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Dark times ahead for NRM after muddy primaries


Dark times ahead for NRM after muddy primaries

Lufafa's-supporter-engages-Jinja-DPC-Felix-Mujizi-before-Lufafa-was-declared winner

Lufafa’s-supporter-engages-Jinja-DPC-Felix-Mujizi-before-Lufafa-was-declared winner

Massive bribery and violence that was witnessed in the primaries for the ruling NRM party has left most incumbents shocked but not done as many have vowed to mount an explosive rebuttal as independents in the general elections.

The threat of defiance by many senior party cadres to go against their own oath not to run as independents comes against a new warning of expulsion from the party that was issued this week by the party’s technocrats.

But some within the party believe the threat of expulsion is largely hollow because the party failed to deliver a free and fair election as exemplified by runaway bribery and vote-stuffing including by one where police officer was involved.

Whereas the results portray a major revolt against NRM incumbents, the irregularities are giving losers a perfect excuse to come back and run as independents.

As Deputy Speaker of Parliament Jacob Oulanya pointed out, failure by the NRM Electoral Commission to deliver a free and fair election has given good ground for many to contest as independents.

“Standing as an independent is an individual decision, ” Oulanya told a local daily adding: “If you say I should not contest as independent, then you must deliver a free and fair election.”

Indeed, the defeat for the powerful ministers and MPs did not go down well for many who say they were beaten unfairly.
In Busoga region, most incumbents lost the primaries in dramatic fashion.

These included Lands Minister Daudi Migereko who lost to a one Pastor Nelson Lufafa. Sources say that Migereko’s frustration with some incidents of rigging did not stop NRM district Administrator Michael Kasede from announcing Lufafa as winner.

Another big loser in Busoga is Works State Minister Asuman Kiyingi, who lost to Maurice Kibalya for the Bugabula South NRM flag bearer. But Kiyingi vowed to revenge against Kibalya, whom he also defeated in 2010 general elections after Kibalya won the primaries.

Jinja Woman MP Agnes Nabirye was trounced by Loy Katali with a big margin of some 11,000 votes. Embattled Kagoma County MP Fredric Mbagadhi Nkayi did not survive defeat nor did incumbent Martin Kisule Muzale who lost to former Minister Isaac Isanga Musumba.

Bugisu region witnessed another near clean sweep of the old guard as witnessed by the defeat of powerful energy minister Irene Muloni, and Mujaasi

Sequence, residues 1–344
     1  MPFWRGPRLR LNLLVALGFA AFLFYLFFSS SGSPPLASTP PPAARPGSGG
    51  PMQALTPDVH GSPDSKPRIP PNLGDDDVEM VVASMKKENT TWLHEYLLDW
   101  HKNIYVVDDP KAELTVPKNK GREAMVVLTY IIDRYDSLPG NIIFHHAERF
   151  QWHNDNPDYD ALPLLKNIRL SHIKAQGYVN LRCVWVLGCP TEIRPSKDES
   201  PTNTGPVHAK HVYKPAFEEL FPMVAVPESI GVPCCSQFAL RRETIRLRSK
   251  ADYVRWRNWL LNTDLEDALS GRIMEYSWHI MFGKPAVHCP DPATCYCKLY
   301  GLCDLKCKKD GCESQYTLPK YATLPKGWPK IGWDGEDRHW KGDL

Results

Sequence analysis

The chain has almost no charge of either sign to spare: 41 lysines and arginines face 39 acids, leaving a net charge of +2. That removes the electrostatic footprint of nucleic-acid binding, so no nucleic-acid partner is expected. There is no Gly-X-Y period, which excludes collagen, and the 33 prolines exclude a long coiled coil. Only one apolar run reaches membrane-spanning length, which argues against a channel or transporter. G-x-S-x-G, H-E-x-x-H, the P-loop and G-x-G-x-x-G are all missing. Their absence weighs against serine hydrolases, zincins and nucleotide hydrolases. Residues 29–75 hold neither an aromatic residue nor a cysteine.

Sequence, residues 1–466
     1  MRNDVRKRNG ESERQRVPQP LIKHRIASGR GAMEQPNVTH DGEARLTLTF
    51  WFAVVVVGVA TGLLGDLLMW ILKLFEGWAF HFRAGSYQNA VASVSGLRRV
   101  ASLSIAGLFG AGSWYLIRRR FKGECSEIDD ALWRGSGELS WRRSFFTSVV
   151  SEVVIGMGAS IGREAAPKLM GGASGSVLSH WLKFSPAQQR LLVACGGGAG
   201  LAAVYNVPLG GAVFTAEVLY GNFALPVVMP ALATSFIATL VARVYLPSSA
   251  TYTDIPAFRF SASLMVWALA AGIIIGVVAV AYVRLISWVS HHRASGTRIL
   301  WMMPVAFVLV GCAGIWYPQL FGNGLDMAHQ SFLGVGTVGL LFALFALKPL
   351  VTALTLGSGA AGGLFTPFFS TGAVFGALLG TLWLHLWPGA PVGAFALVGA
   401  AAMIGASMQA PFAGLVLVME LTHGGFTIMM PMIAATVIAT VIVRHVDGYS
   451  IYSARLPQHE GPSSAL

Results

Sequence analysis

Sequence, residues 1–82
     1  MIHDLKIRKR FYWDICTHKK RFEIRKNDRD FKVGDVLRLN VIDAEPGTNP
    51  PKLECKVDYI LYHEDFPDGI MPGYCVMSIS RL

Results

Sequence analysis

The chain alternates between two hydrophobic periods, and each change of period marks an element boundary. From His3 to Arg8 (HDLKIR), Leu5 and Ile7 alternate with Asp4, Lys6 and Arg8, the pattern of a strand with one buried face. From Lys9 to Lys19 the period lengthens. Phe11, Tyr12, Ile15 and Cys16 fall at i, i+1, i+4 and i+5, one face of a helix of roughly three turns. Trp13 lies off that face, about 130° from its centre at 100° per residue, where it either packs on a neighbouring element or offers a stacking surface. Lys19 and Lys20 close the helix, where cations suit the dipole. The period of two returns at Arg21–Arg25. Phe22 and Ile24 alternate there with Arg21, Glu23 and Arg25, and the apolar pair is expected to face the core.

Katakwi Woman MP and Education Minister Jessica Alupo, Bunyole County East MP Emmanuel Ddombo and sitting Butalejja Woman MP Florence Nebanda all lost in the party primaries but have vowed to contest as independents.

In the central, the story is not any different. ICT state Minister Nnyombi Thembo lost to freshman and former police publicist Simeo Muwanga Nsubuga for the Kasanda South constituency.

Another former Police officer Judith Nabakooba trounced long-time Woman MP formerly for Mubende and now for Mityana Sylvia Namabidde. Sources close to Namabidde say the legislator may simply take leave of politics after she allegedly got fed up with the confusion.

Accusations of partisanship among Police officers did not stop serving police officers from openly congratulating their colleagues for winning in the party primaries. Former Police spokesperson Idi Ibin Ssenkumbi spent Wednesday sending congratulatory messages to colleagues for winning in the NRM primaries.

In Western Uganda, powerful Justice and Constitutional Affairs Minister Kahinda Otafiire was left spitting fire and vowing to stand as independent after he was defeated by a retired army captain Donozio Kahonda, who is currently serving a prison sentence.

The confusion and resultant rigging and violence has attracted condemnation and ridicule from the opposition as well as other democracy-loving Ugandans. On the other hand, the violence raised scepticism and fear across the population that the coming elections will be as chaotic.

But within the NRM itself, there were voices reason and admission that the primaries were ill-organised and that the party had neither capacity nor resources to manage the entire exercise.

Deputy Speaker of Parliament Oulanya, who pulled off victory against Ocan Johnson for the Omoro county flag, said: “We were trying to do things that were way beyond our capacity to handle. If there was sufficient money, time and personnel, they would have delivered something good the way the Electoral Commission does.”

If allegations of massive voter bribery and open rigging are anything to go by, as Oulanya points out, his colleagues that lost in the muddy process are justified.

Indeed many losers feel the NRM electoral commission bungled the entire process and therefore believe they have lost unfairly. But if the party takes a stringent stand against its rebellious members, it may be playing in the hands of the opposition, especially its former Secretary General Amama Mbabazi, whom they fear is standing on the fence to attract disgruntled NRM members.



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